Beaches, baseball and culture come first to mind when I think of Puerto Rico. During a recent visit, my colleagues and I discovered even more: inspiration.
HI USA chose Puerto Rico for our joint annual hostel manager’s meeting with HI Canada to show our support for the island’s recovery after last September’s destructive twin hurricanes, Irma and Maria. Tourism is still lagging, as even bargain airfares can’t seem to tempt large numbers of USA tourists to visit. What a missed opportunity!
My first day in San Juan I quickly found the architecture, music and food that make the old city vibrant and fun. Scant hurricane damage is evident, and most tourist sites are open. When cruise ships arrive into port, eager sightseers and shoppers swarm the streets. At other times, the pace is noticeably slower – a relief of sorts to the more relaxed visitor, but not to the merchants who need to make ends meet with fewer tourists around to make purchases.
At some point in a typical hostel trip a choice must be made: do I exchange beach flip flops for walking shoes and seek to find the footsteps of locals? On this group trip, a one-day service project outside the capital city was set by HI USA to help do our part in more remote parts of the island still suffering in the hurricanes’ aftermath.
Our 100+ hostel managers from the USA and Canada along with guests from the German youth hostel association and Hostelling International put on their work gloves and left early one morning in a bus caravan to the countryside. We split into three teams: one headed to an estuary to repair its natural habitat, and the other two headed to family farms to remove debris and prepare plantings. We were outfitted with machetes and shovels and brought along our own under-used backs for lifting and stacking.
The work was strenuous and the day sweltering, yet deeply satisfying … thanks to the inspiring example set by the local people we met along the way. Residents we met in these rural areas accept with quiet resilience the difficult hand that nature dealt them – lengthy power outages, massive debris, and sometimes sizable financial stress. We saw their perseverance and their kindness, towards each other and visitors alike.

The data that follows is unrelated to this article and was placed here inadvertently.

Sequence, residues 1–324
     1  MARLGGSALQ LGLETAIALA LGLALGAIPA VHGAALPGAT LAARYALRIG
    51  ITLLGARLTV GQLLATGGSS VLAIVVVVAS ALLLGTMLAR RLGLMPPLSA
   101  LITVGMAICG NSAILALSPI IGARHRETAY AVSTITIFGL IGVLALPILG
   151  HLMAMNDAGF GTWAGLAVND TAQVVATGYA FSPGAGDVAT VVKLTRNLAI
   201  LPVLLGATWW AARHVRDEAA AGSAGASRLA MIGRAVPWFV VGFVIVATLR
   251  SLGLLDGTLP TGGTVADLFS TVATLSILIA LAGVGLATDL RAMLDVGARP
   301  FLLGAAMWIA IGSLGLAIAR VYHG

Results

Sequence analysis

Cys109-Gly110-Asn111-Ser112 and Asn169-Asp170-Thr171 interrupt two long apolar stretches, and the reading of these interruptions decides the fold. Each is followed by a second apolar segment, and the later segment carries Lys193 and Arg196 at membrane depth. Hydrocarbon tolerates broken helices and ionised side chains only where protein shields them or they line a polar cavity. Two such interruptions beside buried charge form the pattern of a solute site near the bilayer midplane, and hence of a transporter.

When our volunteer teams returned to San Juan in the late afternoon, the city itself was dealing with an unexpected power outage that seemed overblown by the mainland media. While some small shops closed, hotels and restaurants with their own generators didn’t miss a beat. In the city visitors now seem well-sheltered from any major post-hurricane inconveniences.
Other tourism gems outside of San Juan also seem well-recovered. Rincon and the island of Vieques both received high marks from our staff who visited them on their own excursions.
Some tugging questions emerged during our visit. Puerto Rico is a US territory with most of the rights of a state: could it have received the same federal emergency response as hurricane-impacted areas on the mainland? How can the island’s preparedness best be upgraded for the next big storm? And what obligation should we feel for the island’s most vulnerable residents, whose tin-roofed houses were most damaged by Maria? Not exactly topics for a traditional vacation stay, yet another reason why it’s a captivating destination.
Put Puerto Rico on your vacation calendar for 2018. With warm weather and crystal-clear waters, it’s an easy decision. Now is a time when your dollars will go the furthest yet still enjoy the sun, beaches and culture the island is renowned for. At the same time, you’ll be helping at a critical moment to preserve family jobs dependent on tourism.
And for inspiration, seek out conversations with residents while you are there. Wearing your favorite baseball team jersey is a terrific way to introduce yourself. You’ll quickly find what we did: the people are the true treasure of the island.